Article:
Write a Resume and Cover Letter
Writing a resume and cover letter might be one of the main reasons you visit Career Development, but it's not easy to do...well. The job seeking world is littered with resumes that are unspecific, unfocused, uninteresting, and filled with errors.
Here are the 3 most important things about your resume and cover letter:
- Their main purpose is to get you an interview. Not the job, but just the interview.
- They are ALWAYS tailored to each opportunity you apply for.
- They provide a compelling answer to the question of "Who am I, and why am I a good fit for your company?"
Where To Begin?
First, step away from your computer. There's a bit of planning involved before you start typing. Grab some paper and answer the following questions. You don't have to write for pages, but you should be able to come up with something to get you started.
- Why am I interested in this opportunity? How does it relate to any goals or aspirations I have for myself? If you can not articulate this, why should an employer care? This is often one of the first questions candidates are asked in interviews.
- Why do I think I am a good fit for the opportunity? This is often one of the last questions asked by interviewers. This is important because employers are looking for candidates that will fit their organization and their role, and it shows you've done your homework.
- How do my past experiences relate to SPECIFIC components of the job description? Can I think of times when I've been in situations that the job description calls for? The best resumes offer specific examples of how the candidate's work positively impacted the organization, and tied to specific related skills. Examples of those could be: decision making, leadership, team motivation, goal setting, and more.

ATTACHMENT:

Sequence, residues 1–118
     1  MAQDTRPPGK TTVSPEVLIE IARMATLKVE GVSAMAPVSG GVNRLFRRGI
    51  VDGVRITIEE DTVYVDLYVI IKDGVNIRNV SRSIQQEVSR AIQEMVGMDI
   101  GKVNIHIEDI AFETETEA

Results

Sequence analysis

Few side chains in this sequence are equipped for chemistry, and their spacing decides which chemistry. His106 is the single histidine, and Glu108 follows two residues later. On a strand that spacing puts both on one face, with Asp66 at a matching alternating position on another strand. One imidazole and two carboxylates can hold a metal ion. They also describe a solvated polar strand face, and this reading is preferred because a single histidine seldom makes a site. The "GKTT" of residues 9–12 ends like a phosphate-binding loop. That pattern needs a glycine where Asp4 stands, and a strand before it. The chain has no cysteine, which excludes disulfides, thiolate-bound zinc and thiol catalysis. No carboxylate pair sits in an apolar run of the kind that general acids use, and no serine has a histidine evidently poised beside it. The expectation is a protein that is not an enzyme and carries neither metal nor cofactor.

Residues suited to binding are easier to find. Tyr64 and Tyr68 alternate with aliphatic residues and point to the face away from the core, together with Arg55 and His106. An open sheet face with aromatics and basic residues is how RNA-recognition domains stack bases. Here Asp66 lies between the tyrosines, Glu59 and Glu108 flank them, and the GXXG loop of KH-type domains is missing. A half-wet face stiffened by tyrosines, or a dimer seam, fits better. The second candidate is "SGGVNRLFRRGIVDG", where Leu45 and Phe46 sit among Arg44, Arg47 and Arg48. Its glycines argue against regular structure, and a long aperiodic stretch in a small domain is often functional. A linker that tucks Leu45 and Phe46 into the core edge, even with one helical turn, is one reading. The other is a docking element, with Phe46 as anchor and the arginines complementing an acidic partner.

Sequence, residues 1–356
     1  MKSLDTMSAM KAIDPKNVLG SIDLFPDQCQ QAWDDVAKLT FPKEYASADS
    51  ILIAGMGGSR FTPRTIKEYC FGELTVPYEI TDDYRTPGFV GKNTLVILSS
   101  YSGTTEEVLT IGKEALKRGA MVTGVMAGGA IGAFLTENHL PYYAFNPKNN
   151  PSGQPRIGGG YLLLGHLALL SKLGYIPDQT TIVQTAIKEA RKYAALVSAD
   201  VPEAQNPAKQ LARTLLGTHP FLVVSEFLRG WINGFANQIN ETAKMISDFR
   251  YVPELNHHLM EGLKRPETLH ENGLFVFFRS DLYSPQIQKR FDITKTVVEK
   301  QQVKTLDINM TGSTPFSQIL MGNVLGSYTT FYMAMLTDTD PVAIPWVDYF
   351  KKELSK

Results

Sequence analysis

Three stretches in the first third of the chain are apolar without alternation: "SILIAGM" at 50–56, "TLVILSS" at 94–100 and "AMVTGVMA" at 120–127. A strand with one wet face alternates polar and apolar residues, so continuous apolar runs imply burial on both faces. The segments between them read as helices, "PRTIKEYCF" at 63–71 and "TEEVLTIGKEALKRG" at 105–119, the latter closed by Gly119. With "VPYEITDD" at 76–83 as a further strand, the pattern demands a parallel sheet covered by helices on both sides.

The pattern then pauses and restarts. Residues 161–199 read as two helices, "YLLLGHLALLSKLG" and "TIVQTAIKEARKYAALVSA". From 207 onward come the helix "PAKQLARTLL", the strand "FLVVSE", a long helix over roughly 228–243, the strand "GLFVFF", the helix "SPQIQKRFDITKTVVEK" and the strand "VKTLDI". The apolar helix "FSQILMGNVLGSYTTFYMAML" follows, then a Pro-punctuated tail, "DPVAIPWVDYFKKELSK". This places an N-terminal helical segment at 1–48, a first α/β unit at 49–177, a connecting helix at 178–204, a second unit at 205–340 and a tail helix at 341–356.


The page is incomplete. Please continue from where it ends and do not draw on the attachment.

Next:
- How has my liberal arts education benefitted me? What are some of the important takeaways I have from Hampden-Sydney? This is an absolutely vital question to answer as you search for jobs or internships. Especially in today's economic climate, you have to make the case for how your education has played a role in making you the right candidate for the job. When competing against non liberal arts candidates, you need to demonstrate how your education is a benefit to the employer.
- What is it about me, my background, or my knowledge that will set me apart from the other candidates? Again, it's a tough market out there. You always need to think of your competitive edge. Think of particular experiences that stand out in your life, your motivations and values, and your future goals.
Now that you have done some brainstorming, you're ready to develop your resume. The answers you developed while brainstorming are going to form the basis of your content.
Here are some basic things that need to be on your resume no matter what:
- Your name, address, phone number, and e-mail address. You should choose the address and phone number that it will be EASIEST for employers to reach you with at all times. Please use your H-SC e-mail address or other professional e-mail address for employer correspondence. E-mails describing your hobbies, how you spend your time, or personal information about you are not appropriate. Something like firstname.lastname@example.org, for example, is not appropriate.
- Your education. You may list high school as a freshman or sophomore, but after that it becomes a bit redundant. Your academic information at Hampden-Sydney should be front and center.
When it comes to developing content to support your experiences, there are as many ways to write as there are resumes in the world. Remember that your resume content MUST be specific, action oriented, and highlighting your key skills. With that, here are several sample resumes to review:
H-SC Resume Samples
Quintessential Careers Resume Samples
In depth advice from the H-SC Career Planning Guide (large PDF file)
And finally, what NOT to do. But it's good for a laugh!